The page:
Magnitude 6.9 - INDIA-NEPAL BORDER REGION
2011 September 18 12:40:48 UTC
- This event has been reviewed by a seismologist.
|Depth||19.7 km (12.2 miles)|
|Region||INDIA-NEPAL BORDER REGION|
|Distances||68 km (42 miles) NW of Gangtok, Sikkim, India|
119 km (73 miles) NNW of Shiliguri, West Bengal, India
272 km (169 miles) E of KATHMANDU, Nepal
572 km (355 miles) N of Kolkata (Calcutta), West Bengal, India
|Location Uncertainty||horizontal +/- 13.5 km (8.4 miles); depth +/- 3.5 km (2.2 miles)|
|Parameters||NST=344, Nph=348, Dmin=371.8 km, Rmss=1.21 sec, Gp= 22°,|
M-type="moment" magnitude from initial P wave (tsuboi method) (Mi/Mwp), Version=C
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At least 94 people killed, several injured and 5,000 displaced and several thousand buildings and many roads and bridges destroyed or damaged in the Sikkim-Bihar-West Bengal area; 6 people killed and 25 injured and at least 4,300 buildings destroyed or damaged in Bhojpur, Ilam, Panchthar and Sankhuwasabha, Nepal; 7 people killed and 136 injured in Tibet, China; 1 person killed and 16 injured and at least 6,000 buildings damaged in the Paro-Thimphu region, Bhutan; minor damage to several buildings in Dhaka, Bangladesh. Total economic loss in India estimated at 22.3 billion US dollars. Electricity, telecommunications and water supplies disrupted and landslides and mudslides occurred in Sikkim, India, eastern Nepal and the Paro-Thimphu region, Bhutan. Felt (VII) at Gangtok and Shiliguri; (VI) at Jalpaiguri; (V) at Bandel, Baranagar, Barddhaman, Koch Bihar, Darjiling, Dispur and Guwahati; (IV) at Barakpur, Calcutta, Dhanbad, Durgapur, Haora, Iranagar, Muzaffarpur, Nagaon, Patna, Ranchi, Shillong and Tura; (III) at Delhi, Dam Dam, Faizabad, Ghaziabad, Gurgaon, Jaipur, Kharagpur, Lucknow, Noida, Rurki and Silchar; (II) at Agartala and Jamshedpur, India. Felt northwest to Chandigarh, southwest to Bhopal, south to Bhubaneshwar and east to Nahorkatiya. Felt (VI) at Damak, (V) at Biratnagar, Dhulikhel, Kathmandu and Pokhara, (IV) at Bhaktapur, Bharatpur, Patan and Tansen and (III) at Kirtipur, Nepal; (VI) at Thimphu and (V) at Paro, Bhutan; (V) at Lhasa, China; (IV) at Barguna, Chittagong, Dhaka, Rajshahi and Sylhet, Bangladesh. Felt in much of Bangladesh, Bhutan and eastern Nepal.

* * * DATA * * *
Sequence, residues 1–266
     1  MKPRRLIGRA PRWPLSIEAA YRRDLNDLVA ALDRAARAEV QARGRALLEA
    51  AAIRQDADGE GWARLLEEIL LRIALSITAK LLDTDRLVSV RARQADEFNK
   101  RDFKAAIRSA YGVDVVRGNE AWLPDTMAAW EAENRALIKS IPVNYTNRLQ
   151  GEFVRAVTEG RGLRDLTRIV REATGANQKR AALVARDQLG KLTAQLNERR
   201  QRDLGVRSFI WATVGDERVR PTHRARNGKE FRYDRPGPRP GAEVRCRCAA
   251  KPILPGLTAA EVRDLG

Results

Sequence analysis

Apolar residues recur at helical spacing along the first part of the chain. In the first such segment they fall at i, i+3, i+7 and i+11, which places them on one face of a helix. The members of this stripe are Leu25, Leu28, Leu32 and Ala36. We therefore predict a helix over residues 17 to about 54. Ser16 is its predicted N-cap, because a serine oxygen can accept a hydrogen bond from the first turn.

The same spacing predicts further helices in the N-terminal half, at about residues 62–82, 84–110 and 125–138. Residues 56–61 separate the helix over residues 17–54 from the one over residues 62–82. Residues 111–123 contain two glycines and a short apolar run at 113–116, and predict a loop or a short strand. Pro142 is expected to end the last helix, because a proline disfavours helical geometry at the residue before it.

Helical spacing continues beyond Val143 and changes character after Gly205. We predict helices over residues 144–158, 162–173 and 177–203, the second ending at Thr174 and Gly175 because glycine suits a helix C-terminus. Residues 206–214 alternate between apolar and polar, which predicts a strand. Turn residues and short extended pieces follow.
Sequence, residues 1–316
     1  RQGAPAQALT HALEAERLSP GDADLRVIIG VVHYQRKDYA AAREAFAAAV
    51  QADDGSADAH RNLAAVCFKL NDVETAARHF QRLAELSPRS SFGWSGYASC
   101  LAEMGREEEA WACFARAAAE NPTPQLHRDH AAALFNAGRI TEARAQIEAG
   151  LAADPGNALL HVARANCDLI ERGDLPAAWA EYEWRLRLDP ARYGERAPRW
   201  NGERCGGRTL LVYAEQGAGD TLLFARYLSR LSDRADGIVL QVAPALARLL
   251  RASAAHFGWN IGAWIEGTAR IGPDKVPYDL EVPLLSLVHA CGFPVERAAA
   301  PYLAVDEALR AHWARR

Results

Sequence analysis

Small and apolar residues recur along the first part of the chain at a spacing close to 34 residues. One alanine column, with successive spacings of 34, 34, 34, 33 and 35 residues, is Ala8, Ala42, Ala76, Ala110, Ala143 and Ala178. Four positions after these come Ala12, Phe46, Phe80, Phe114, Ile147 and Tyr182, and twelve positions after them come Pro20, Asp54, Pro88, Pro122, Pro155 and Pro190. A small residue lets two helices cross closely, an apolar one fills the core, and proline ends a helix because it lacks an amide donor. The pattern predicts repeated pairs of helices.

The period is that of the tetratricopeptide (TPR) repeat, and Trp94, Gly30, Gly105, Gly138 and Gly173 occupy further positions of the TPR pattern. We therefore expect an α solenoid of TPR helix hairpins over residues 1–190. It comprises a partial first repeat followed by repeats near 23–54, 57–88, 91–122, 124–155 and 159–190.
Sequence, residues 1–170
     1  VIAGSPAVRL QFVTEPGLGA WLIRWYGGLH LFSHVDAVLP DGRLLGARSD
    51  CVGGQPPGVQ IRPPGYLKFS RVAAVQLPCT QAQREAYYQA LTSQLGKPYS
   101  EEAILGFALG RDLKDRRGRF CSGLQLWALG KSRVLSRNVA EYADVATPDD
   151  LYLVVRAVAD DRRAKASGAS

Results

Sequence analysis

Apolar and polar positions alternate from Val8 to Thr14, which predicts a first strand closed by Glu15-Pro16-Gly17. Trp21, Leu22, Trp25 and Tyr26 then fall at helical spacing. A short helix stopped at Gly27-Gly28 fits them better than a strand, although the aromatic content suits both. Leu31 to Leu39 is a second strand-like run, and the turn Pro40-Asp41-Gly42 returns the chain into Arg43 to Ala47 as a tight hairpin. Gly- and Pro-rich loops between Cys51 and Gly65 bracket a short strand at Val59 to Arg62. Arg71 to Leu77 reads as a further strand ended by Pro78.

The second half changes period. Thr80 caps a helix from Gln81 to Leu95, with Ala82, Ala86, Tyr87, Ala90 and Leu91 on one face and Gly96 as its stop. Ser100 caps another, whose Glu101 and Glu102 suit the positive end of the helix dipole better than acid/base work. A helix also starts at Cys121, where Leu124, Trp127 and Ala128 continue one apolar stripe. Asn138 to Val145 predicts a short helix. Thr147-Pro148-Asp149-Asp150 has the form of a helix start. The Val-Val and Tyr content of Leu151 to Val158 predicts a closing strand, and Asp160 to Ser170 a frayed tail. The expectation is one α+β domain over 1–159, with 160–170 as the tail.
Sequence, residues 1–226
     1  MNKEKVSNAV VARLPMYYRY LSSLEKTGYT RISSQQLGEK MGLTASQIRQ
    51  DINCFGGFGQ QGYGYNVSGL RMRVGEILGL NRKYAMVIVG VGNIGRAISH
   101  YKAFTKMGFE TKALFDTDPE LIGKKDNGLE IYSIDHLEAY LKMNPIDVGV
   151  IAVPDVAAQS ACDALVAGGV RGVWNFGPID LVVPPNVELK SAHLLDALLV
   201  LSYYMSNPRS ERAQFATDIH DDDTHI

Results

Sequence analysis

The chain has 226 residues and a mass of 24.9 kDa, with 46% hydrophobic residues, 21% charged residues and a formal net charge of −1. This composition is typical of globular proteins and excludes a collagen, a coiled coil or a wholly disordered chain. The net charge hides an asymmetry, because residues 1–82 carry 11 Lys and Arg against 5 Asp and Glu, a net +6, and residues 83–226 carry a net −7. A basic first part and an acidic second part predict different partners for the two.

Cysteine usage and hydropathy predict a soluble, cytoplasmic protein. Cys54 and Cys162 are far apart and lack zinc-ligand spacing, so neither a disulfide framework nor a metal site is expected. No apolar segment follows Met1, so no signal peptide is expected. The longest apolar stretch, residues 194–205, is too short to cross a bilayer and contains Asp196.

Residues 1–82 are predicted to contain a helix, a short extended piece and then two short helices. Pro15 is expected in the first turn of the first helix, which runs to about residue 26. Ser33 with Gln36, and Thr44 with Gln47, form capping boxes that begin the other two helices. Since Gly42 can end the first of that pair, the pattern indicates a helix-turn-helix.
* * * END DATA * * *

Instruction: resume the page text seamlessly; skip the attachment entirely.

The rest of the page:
The September 18, 2011 India-Nepal border region earthquake occurred near the boundary between the India and Eurasia plates, in the mountainous region of northeast India near the Nepalese boarder. Initial analyses suggest the earthquake was complex, likely a result of two events occurring close together in time at depths of approximately 20 km beneath the Earth's surface. At the latitude of the September 18 earthquake, the India plate converges with Eurasia at a rate of approximately 46 mm/yr towards the north-northeast. The broad convergence between these two plates has resulted in the uplift of the Himalayas, the world's tallest mountain range. The preliminary focal mechanism of the earthquake suggests strike slip faulting, and thus an intraplate source within the upper Eurasian plate or the underlying India plate, rather than occurring on the thrust interface plate boundary between the two.
This region has experienced relatively moderate seismicity in the past, with 18 earthquakes of M 5 or greater over the past 35 years within 100 km of the epicenter of the September 18 event. The largest of these was a M 6.1 earthquake in November of 1980, 75 km to the southeast.
- Preliminary Earthquake Report
- U.S. Geological Survey, National Earthquake Information Center:
World Data Center for Seismology, Denver